New cosmetic surgery information launched by Royal College of Surgeons

5 October 2016

People considering cosmetic surgery have been given access to a new guide to the procedure from the Royal College of Surgeons (RCS).

The industry body has launched new patient resources on its website, providing advice on how to choose the right surgeon and hospital, explaining the risks of undergoing surgery, and detailing the possible complications to consider.

This comes as part of a wider effort by the organisation to drive up standards of practice in the cosmetic surgery sector and ensure patients are making more educated decisions on the treatment they receive. To this end, the RCS will also be publishing a register of certified surgeons in different cosmetic surgical procedures in the coming months.

It will allow patients to look for a surgeon according to specific procedures, helping them to find practitioners who have provided evidence to the RCS that they have the appropriate training, experience and insurance to practise in the UK.

The Department of Health has asked the RCS to take these steps following the Keogh Review in 2013, in the wake of the PIP breast implant scandal, which identified an urgent need to improve regulation of cosmetic surgical and non-surgical practices in the UK.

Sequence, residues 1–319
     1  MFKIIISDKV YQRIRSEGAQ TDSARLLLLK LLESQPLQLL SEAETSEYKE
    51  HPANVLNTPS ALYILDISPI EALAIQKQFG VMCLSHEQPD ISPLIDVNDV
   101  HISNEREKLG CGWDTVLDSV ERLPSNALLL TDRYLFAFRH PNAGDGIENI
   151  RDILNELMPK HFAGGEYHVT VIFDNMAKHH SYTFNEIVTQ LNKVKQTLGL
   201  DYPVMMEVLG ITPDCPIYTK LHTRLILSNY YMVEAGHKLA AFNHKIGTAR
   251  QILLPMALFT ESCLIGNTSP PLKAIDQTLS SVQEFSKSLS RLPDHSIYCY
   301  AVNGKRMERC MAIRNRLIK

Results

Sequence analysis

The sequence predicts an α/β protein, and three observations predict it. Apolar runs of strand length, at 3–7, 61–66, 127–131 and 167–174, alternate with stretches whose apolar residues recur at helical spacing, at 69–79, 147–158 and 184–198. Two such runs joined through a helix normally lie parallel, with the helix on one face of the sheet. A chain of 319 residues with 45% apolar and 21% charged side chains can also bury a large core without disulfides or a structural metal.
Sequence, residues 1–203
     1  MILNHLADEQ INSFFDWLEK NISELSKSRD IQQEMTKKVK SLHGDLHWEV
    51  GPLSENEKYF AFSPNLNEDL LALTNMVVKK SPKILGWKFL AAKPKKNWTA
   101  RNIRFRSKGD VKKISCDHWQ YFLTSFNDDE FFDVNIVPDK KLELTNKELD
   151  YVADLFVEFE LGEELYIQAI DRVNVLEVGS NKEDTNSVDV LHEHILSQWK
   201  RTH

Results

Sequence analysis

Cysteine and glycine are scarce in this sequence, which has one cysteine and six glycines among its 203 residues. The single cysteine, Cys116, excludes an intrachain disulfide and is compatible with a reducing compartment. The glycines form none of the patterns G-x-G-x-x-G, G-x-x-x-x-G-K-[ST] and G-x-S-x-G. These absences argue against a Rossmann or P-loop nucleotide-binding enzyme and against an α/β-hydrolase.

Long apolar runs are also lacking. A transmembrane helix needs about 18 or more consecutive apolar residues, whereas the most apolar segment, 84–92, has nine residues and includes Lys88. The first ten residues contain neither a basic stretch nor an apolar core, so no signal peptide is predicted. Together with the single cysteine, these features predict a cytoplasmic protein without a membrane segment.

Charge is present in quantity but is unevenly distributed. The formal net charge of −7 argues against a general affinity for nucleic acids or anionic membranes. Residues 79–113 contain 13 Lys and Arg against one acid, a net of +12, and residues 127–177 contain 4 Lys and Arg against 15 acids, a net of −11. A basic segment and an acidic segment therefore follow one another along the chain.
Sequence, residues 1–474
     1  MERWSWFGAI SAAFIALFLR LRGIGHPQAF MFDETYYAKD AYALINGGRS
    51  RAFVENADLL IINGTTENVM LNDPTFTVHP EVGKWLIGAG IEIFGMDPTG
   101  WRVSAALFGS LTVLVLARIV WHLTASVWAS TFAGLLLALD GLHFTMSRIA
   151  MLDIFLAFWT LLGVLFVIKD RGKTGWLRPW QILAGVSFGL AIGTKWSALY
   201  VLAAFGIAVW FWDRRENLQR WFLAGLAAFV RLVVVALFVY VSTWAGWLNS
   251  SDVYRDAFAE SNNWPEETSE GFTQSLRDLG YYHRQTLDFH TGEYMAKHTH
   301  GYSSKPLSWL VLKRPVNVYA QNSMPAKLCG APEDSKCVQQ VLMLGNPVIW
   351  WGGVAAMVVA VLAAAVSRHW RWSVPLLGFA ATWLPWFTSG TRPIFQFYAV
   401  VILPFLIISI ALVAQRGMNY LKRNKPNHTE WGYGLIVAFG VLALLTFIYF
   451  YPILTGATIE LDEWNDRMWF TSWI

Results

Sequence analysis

These efforts come at a time when demand for cosmetic surgery continues to increase, with data from the British Association of Aesthetic Plastic Surgeons showing that more than 51,000 procedures were performed in the private sector in England last year.

However, many patients still find it difficult to select a suitable surgeon to carry out their operation, due to the fact that some doctors are performing cosmetic surgery without any specific surgical training. Members of the public are also struggling to access reliable and trustworthy information about the pros and cons of cosmetic surgery.

With the launch of these new resources, the RCS is hoping to address this issue, while ushering in a culture whereby patients give themselves more time to reflect on their decision. Its recommendations indicate that those considering surgery take at least two weeks between their initial consultation with an operating surgeon before consenting to undergo the procedure.

It emphasised the importance of patients feeling confident about asking questions, without being subjected to any pressure to agree to surgery until they are ready.

Stephen Cannon, vice-president of the RCS, said: "Undergoing cosmetic surgery is a big decision which should never be taken lightly, and we would urge anyone to think carefully about it. The vast majority of cosmetic surgery is carried out in the private sector, and many people do not realise that the law currently allows any qualified doctor - surgeon or otherwise - to perform cosmetic surgery, without undertaking additional training or qualifications. 

“Our advice is that if you are thinking of having some kind of work done, make sure you consult a surgeon who is trained and experienced in the procedure you are considering."

Posted by Philip Briggs


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